Ex-Pan Am Worker Group Asks for Favorable PBGC Case Ruling

May 5, 2003 (PLANSPONSOR.com) - A group of ex-Pan Am workers and retirees that has been battling the federal pension insurer over the size of its members' pension payments for seven years, has now asked a New York federal judge to decide the case in the group's favor before a trial.

>The request by plaintiff the Association of Former Pan Am Employees (AFPAE) came in the group’s 1996 lawsuit in the US District Court for the Southern District of New York, according to an AFPAE news release. The suit alleges that that the Pension Benefit Guaranty Corporation (PBGC), the agency that backs private sector traditional benefit pensions for bankrupt or ailing companies, has underpaid former employees of Pan Am since taking over their five plans in July 1991.

>Among those taken over was Pan Am’s Cooperative Retirement Income Plan, which was underfunded by over $900 million. The PBGC currently pays out $900 million in benefits annually to 14,000 former Pan Am employees.

>Since the plan was taken over, the Oceanside, New York-based AFPAE has been waging a campaign to draw public attention to what it claims is the agency’s mismanagement. The group faults the PBGC for poor administration and six years of delays in notifying Pan Am retirees and beneficiaries of its calculation of their retirement benefits. In some cases,  the AFPAE also says the agency’s calculations were wrong.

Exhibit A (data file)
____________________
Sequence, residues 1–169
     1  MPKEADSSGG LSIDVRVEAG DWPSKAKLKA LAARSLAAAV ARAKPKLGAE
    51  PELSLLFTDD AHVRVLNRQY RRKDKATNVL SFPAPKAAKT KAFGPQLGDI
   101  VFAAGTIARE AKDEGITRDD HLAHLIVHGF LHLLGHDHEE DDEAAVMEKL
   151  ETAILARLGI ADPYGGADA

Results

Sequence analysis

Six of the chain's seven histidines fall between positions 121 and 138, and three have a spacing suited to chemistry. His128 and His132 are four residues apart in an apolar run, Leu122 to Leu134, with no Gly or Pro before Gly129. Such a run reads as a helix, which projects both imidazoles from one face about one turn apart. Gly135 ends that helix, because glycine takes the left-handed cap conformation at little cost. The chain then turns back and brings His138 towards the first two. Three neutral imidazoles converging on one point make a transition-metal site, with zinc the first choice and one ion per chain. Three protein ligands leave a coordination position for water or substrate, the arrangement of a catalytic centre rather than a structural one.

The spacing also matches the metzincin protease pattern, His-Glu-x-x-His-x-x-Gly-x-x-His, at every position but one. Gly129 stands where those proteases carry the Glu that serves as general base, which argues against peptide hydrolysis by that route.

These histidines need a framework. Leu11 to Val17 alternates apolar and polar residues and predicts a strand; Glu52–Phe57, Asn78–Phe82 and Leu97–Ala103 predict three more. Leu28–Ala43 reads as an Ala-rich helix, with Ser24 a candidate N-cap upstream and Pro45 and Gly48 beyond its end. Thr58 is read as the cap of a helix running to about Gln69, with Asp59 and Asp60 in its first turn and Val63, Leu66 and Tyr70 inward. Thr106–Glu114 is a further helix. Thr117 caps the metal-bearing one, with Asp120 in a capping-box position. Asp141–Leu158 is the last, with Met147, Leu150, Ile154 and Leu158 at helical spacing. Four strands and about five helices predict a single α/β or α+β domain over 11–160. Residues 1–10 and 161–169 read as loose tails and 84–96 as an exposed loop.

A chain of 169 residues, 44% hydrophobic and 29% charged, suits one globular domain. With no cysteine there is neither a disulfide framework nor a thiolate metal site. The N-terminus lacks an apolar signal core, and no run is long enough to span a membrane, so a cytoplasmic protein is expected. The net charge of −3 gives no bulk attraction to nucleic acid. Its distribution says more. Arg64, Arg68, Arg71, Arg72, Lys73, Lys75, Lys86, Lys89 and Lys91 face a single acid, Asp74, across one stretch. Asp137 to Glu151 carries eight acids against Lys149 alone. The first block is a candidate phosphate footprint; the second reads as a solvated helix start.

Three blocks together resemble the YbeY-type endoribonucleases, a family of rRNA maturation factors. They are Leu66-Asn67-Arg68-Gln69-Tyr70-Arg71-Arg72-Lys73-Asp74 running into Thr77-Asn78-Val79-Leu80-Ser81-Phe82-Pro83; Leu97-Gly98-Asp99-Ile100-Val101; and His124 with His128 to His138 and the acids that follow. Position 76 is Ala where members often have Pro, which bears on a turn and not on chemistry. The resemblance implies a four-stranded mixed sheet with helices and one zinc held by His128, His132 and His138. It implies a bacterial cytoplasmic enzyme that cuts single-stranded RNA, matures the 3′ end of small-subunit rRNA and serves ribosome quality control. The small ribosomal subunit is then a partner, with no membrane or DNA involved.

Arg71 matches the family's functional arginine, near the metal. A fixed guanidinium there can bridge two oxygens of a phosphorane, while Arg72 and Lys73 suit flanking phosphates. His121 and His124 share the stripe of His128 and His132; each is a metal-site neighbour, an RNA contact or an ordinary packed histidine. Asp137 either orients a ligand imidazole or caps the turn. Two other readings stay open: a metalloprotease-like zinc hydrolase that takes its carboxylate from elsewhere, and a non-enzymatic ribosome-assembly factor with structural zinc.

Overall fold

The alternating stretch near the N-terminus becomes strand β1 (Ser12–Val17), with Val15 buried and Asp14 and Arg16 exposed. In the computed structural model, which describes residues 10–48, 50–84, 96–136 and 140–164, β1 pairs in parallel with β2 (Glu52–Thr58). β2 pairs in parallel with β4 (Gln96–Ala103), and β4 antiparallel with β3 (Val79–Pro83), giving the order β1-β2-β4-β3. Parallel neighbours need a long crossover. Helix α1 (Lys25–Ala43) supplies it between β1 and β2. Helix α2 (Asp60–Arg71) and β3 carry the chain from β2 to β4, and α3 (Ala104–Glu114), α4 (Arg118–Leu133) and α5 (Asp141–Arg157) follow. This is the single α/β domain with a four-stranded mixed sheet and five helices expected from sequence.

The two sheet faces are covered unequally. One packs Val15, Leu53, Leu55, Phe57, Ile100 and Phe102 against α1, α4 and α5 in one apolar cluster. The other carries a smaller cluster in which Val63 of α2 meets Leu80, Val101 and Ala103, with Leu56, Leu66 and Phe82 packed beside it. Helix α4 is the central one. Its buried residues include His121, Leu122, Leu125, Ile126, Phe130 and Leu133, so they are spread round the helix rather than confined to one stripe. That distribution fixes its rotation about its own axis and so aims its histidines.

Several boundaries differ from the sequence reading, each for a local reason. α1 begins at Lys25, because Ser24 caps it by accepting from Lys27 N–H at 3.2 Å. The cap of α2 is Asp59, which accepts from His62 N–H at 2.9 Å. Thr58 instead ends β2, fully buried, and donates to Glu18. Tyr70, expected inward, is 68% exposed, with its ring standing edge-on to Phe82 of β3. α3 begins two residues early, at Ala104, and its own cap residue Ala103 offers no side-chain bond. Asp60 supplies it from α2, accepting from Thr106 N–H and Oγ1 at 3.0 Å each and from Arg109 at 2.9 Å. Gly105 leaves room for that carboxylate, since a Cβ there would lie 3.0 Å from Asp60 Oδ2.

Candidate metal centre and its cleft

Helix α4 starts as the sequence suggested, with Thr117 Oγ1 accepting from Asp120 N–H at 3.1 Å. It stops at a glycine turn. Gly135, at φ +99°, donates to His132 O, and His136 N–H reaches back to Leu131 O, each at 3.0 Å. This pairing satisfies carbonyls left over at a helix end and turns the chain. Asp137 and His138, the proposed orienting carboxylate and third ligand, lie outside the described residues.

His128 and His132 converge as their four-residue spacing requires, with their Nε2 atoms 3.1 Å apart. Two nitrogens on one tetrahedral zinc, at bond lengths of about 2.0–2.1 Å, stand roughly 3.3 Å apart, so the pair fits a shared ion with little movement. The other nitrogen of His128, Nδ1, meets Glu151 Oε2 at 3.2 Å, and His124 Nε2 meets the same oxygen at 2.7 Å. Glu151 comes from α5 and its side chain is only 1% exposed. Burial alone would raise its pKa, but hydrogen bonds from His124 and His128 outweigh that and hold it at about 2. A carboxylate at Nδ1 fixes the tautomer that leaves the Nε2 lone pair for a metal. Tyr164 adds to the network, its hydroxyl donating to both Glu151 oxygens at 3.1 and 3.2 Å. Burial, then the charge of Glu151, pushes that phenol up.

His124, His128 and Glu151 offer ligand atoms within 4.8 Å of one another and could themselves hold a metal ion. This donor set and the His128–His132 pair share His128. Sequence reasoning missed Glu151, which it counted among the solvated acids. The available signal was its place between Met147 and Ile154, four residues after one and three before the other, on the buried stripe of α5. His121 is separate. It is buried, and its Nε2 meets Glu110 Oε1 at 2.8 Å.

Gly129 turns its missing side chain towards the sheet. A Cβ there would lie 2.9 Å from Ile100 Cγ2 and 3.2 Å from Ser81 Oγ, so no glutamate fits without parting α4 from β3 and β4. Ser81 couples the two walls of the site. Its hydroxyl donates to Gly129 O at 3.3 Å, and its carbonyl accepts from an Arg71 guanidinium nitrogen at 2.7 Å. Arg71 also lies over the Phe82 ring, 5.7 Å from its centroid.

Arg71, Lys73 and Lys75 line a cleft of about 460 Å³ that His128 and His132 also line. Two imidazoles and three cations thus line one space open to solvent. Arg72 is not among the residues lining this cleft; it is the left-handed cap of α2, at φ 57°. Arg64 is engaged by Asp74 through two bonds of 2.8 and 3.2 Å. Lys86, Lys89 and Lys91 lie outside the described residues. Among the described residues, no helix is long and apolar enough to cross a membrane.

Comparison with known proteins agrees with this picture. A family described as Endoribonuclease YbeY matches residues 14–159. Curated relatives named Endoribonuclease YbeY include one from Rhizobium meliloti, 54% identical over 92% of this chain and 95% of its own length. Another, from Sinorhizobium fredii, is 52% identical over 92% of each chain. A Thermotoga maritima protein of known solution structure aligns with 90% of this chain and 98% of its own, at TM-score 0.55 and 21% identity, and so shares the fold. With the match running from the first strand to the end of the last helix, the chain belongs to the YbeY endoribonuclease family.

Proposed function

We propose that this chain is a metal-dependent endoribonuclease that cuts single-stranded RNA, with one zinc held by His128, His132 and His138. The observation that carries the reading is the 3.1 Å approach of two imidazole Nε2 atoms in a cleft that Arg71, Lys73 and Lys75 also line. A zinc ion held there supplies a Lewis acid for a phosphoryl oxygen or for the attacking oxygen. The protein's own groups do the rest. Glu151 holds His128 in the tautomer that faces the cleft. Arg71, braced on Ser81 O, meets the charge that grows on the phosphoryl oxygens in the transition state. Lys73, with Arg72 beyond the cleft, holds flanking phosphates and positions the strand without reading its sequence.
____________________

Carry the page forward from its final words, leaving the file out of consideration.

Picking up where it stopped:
>The objective of the lawsuit is to have a third party appointed trustee instead of the PBGC, which would then recalculate the benefits. The plaintiffs expected that would raise the benefits about 75% from the levels the PBGC is currently paying to early retirees (See  Reversal Of Fortune).

>Early retirees, such as the lead plaintiffs , are particularly unhappy with the PBGC’s decision to set their benefits at levels they feel are lower than what the Pan Am pension plan provided. The plaintiffs claim that the agency is paying only 45.2% of prior salary levels, while participants are, in fact, owed 79% under agreements Pan Am had with its workers. The PBGC contends that those early retirement benefits could only be given to those who were age 55 with 10 years of service at the time of the plan’s termination. Those who have reached 55 since 1991 are not eligible for those benefits, the agency has contended.